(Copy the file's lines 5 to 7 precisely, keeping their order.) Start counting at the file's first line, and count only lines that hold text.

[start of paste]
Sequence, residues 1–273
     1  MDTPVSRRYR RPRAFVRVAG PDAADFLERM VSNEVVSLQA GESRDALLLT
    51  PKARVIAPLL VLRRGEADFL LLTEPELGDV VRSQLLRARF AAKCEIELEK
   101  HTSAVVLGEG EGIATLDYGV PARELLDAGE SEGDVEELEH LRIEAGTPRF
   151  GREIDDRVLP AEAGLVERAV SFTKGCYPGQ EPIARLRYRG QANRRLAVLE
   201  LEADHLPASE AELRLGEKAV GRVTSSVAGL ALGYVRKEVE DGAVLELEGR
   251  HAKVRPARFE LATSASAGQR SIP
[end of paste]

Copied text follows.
   151  GREIDDRVLP AEAGLVERAV SFTKGCYPGQ EPIARLRYRG QANRRLAVLE
   201  LEADHLPASE AELRLGEKAV GRVTSSVAGL ALGYVRKEVE DGAVLELEGR
   251  HAKVRPARFE LATSASAGQR SIP